2017 Chevrolet Camaro ZL1 Review
Edmunds expert review
Sure, the 650-horsepower 2017 Chevrolet Camaro ZL1 will endlessly roast its rear tires if that's all you want. But it's also a surprisingly well-rounded high-performance car, with the precision handling, stout brakes and compliant ride that even a BMW M4 owner will be jealous of. Forget the old Camaro stereotypes.
Indeed, with its supercharged V8, upgraded suspension and brakes, giant, sticky tires and an available 10-speed transmission, the 2017 Chevy Camaro ZL1 is the ultimate Camaro (at least until the ZL1 1LE track package comes out next year) and represents the best of both worlds when it comes to this newest brand of high-horsepower American muscle.
Even though the 2017 Chevy Camaro ZL1 is in a relatively small class of high-horsepower, performance-oriented American muscle cars, it is almost in a class of its own. There's the 707-hp Dodge Challenger Hellcat, but it's more of a straight-line kind of car. Alternately, the Ford Shelby (Mustang) GT350 offers racetrack-dominating handling but just can't compete with the Chevy for power. And neither of those competitors is available as a drop-top.
The ZL1's flaws relate to the car it's based on. Like all Camaros, it's got a comically small backseat, terrible visibility and a trunk barely big enough for a pair of backpacks. But all of that is greatly overshadowed by the ZL1's lustful combination of bravado, capability and refinement.
What's new for 2017
Trim levels & features
Note that this review does not cover 2017 Camaro models other than the ZL1. Please see our 2017 Camaro Review for a broad overview of this year's Camaro lineup.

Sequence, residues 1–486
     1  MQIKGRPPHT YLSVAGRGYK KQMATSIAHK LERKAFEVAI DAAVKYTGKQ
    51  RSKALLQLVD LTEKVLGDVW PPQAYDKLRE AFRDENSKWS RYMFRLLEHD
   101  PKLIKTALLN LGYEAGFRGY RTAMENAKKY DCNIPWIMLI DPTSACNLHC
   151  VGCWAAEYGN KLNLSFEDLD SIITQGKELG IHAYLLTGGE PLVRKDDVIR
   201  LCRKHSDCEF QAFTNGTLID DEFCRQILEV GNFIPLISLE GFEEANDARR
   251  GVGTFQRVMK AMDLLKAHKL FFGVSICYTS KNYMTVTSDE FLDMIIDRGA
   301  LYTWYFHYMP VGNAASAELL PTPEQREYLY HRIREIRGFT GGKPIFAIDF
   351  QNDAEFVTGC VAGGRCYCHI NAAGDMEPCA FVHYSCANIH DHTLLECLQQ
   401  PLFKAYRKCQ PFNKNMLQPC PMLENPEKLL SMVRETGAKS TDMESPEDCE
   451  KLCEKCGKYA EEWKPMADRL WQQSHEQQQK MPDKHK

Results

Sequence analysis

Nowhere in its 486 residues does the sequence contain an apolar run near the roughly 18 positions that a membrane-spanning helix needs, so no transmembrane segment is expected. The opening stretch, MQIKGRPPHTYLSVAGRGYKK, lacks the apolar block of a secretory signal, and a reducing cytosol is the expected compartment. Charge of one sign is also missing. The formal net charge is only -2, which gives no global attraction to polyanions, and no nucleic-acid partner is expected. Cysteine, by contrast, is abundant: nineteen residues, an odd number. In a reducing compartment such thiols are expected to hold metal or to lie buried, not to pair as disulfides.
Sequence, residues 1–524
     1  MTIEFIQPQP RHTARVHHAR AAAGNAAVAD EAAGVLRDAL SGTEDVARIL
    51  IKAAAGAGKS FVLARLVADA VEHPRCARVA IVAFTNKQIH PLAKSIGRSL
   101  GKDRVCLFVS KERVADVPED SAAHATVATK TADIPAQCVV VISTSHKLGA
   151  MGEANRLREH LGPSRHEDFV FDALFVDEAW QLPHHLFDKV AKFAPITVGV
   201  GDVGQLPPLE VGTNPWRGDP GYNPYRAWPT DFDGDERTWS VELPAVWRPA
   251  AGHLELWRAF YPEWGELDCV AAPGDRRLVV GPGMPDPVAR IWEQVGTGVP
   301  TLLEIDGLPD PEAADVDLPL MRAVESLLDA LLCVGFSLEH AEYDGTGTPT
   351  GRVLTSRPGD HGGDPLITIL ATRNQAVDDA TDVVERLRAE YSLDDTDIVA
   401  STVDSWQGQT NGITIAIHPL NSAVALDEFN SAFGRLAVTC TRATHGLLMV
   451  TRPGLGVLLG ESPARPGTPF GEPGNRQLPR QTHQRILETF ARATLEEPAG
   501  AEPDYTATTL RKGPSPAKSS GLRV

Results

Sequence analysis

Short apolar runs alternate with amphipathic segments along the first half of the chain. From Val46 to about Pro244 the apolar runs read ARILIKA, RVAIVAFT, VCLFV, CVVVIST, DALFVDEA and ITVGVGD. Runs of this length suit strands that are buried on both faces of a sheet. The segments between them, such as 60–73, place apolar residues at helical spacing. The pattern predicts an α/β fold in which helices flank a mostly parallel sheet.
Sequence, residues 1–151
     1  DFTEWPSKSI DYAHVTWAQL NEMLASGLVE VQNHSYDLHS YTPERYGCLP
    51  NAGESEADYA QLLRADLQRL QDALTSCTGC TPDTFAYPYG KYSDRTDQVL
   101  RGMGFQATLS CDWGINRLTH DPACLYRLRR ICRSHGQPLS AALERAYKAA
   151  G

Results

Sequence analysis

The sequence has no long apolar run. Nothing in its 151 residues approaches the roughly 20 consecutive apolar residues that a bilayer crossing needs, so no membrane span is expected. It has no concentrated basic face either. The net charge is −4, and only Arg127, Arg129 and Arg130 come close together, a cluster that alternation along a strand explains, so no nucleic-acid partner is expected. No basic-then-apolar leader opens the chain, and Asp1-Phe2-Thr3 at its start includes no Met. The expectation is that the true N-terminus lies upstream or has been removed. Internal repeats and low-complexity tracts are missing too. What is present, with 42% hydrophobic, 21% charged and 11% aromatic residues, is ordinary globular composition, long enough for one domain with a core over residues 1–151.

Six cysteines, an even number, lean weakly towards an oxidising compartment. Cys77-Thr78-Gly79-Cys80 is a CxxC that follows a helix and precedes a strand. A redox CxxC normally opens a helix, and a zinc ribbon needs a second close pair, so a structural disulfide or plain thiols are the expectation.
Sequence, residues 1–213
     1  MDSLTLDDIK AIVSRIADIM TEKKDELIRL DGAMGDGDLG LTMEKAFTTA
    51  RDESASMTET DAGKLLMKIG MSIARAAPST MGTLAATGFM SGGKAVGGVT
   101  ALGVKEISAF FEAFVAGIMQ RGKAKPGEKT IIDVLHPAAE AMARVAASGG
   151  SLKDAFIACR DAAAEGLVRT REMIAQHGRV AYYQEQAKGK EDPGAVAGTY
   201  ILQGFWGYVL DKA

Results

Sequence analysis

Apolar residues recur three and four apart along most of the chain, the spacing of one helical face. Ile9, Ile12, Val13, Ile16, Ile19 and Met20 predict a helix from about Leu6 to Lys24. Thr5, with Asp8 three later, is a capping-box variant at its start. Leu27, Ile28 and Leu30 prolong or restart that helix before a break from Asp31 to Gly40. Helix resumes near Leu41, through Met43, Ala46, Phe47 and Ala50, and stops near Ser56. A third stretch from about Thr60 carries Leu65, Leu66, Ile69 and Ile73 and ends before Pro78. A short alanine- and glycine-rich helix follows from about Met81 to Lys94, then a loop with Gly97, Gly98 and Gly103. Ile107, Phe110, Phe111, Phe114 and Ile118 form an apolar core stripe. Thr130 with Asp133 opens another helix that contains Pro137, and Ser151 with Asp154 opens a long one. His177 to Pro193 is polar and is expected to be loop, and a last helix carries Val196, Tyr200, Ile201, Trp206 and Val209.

The 2017 Chevrolet Camaro ZL1 is a high-performance version of the standard Camaro. It's available in a single trim level as either a four-seat coupe or a convertible. On the performance front, the ZL1 gets a supercharged 6.2-liter V8 engine (650 hp, 650 lb-ft), a six-speed manual transmission (a 10-speed automatic is optional), Brembo brakes, the FE4 suspension with adaptive dampers, an electronic limited-slip differential (the convertible gets a mechanical limited-slip), 20-inch forged alloy wheels, upgraded performance tires and Recaro sport seats.
Additional standard equipment includes dual-mode performance exhaust, LED running lights, xenon headlights, a rearview camera, rear parking sensors, warning systems for blind spots, rear cross-traffic and lane departure, keyless ignition and entry, heated and auto-dimming mirrors, power-adjustable heated and ventilated front seats, dual-zone automatic climate control, adjustable drive modes, a simulated suede-wrapped heated steering wheel, driver-seat memory functions and a head-up display. Technology equipment includes Bluetooth, OnStar emergency communications, wireless smartphone charging, 4G LTE Wi-Fi connectivity, smartphone app integration (Android Auto and Apple CarPlay), an 8-inch touchscreen with Chevy's MyLink interface, and a nine-speaker Bose audio system.
Stand-alone optional extras include a sunroof (coupe), an integrated navigation system, premium floor mats and various carbon-fiber trim.
A track-focused 1LE package has been announced, but it won't arrive until the 2018 model year.
Noise & vibration3.0
Ease of use2.0
Getting in/getting out2.5
Child safety seat accommodation2.0
Audio & navigation3.0
Edmunds expert review process
This review was written by a member of Edmunds' editorial team of expert car reviewers. Our team drives every car you can buy. We put the vehicles through rigorous testing, evaluating how they drive and comparing them in detail to their competitors.
We're also regular people like you, so we pay attention to all the different ways people use their cars every day. We want to know if there's enough room for our families and our weekend gear and whether or not our favorite drink fits in the cupholder. Our editors want to help you make the best decision on a car that fits your life.